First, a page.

Young Researchers Symposium 2022


Young Researchers Symposium brings talents to light

Young Researchers Symposium brings talents to light

Getting to the heart of research work in a generally understandable, exciting and entertaining way for a non-specialist audience: Young scientists are given this opportunity every two years at the Young Researchers Symposium. Started as an interdisciplinary competition in Kaiserslautern, this year young researchers from the University of Landau also took part for the first time. This new diversity was also represented by the six winners, who were delighted to receive prizes worth a total of 6,000 euros for their presentations and posters at the YRS 2022 at the end of July.

Participation in the Young Researchers Symposium is an investment in the future. After all, the ability to explain research approaches in a generally understandable way is always in demand in the course of an academic career. For example, when it comes to applying for funding.

At the end of July, over 40 doctoral students took up the communicative challenge at the Fraunhofer Center in Kaiserslautern. Under the motto "short and crisp, instead of boring and dry", they took the audience into their research work at YRS 2022. The variety of topics ranged from intelligent composite materials and autonomous driving to chemical catalysts inspired by nature.

Communicating a complex topic in minutes

The competition has two categories, talks and poster presentations, for which doctoral students can register. The prerequisite is that interested parties submit an abstract of their work, which will be reviewed by a panel of experts. On the day of the competition, the talk participants then have just under 12 minutes to present their topic. The poster presentations are divided into a 3-minute poster pitch and a subsequent poster session. The overall evaluation is based on the quality of the abstract and the expert jury's assessment of the lecture or poster presentation. An additional decision criterion is the audience vote. In other words, the winners must convince three times over, which also promotes equal opportunities.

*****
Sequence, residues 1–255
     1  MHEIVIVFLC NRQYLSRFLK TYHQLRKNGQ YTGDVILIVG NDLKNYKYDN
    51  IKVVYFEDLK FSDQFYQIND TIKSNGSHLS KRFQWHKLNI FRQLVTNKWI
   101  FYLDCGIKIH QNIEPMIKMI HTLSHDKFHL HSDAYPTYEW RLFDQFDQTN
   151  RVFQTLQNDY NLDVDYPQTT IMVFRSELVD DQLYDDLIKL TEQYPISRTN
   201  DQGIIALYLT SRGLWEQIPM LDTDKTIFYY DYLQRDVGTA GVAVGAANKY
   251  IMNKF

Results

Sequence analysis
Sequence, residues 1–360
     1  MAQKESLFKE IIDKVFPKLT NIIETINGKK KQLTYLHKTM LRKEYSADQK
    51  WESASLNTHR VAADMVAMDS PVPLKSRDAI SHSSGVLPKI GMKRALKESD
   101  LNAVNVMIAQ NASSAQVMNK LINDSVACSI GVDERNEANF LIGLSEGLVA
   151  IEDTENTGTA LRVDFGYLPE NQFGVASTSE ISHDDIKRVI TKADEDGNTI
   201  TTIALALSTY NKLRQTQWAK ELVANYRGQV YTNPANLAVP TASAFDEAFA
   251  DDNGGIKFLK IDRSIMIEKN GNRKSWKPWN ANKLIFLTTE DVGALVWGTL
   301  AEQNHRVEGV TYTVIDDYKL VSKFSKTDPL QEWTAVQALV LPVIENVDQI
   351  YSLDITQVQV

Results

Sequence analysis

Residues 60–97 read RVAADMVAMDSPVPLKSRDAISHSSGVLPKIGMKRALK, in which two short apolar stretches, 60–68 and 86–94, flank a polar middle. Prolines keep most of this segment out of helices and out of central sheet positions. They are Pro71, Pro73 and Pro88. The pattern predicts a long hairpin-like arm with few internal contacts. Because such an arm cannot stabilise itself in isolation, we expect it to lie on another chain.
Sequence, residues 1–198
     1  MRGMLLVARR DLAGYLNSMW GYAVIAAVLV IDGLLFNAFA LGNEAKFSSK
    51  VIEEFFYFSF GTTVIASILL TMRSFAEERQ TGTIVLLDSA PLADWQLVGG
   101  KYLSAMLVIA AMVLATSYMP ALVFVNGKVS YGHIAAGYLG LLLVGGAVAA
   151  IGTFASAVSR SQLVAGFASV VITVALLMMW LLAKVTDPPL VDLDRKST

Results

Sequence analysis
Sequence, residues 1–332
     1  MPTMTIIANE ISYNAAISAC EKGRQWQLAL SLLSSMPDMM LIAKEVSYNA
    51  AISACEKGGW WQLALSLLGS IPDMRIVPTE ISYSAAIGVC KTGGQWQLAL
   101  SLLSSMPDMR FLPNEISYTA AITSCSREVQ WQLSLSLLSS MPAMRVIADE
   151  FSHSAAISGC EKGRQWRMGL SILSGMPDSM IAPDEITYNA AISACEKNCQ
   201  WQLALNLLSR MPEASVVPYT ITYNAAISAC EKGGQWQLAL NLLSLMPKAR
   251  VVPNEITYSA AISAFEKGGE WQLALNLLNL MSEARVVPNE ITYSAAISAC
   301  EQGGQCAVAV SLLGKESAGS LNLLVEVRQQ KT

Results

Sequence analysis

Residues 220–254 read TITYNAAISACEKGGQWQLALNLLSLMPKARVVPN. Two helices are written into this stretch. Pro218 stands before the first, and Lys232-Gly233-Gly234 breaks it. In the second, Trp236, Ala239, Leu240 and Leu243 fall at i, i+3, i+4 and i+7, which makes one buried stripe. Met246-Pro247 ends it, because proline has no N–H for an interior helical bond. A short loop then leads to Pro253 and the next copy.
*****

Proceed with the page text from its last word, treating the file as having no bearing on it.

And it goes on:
A special feature of the young talent competition is that the participants can also use communication tools that are rather unusual in traditional scientific lectures and presentations. In 2022, for example, odor samples, laser experiments and mascots were used to vividly convey complex issues.

What does Netflix have to do with material properties?

Nicolas Hayer (1st place lecture) and Sara Kolbenschlag (1st place poster presentation) overcame all three hurdles particularly well. Hayer combines thermodynamics and artificial intelligence in his research work. The doctoral student at the Chair of Thermodynamics at TUK is working on the prediction of material properties in mixtures using machine learning. Test presentations and the resulting feedback helped him to prepare. Only having 12 minutes to speak was a challenge for him at the beginning: "I couldn't do without a lot of explanations," says the engineer. With humor, animations and analogies, such as the comparison with Netflix's film recommendation system, he ultimately succeeded in drawing the audience into his topic. Looking back, he says: "I can definitely recommend taking part in the YRS. You can work more freely and creatively than at many other conferences. At the same time, it offers a unique opportunity to gain insights into many other interesting research topics far removed from your own everyday university life."

In the environment, everything is connected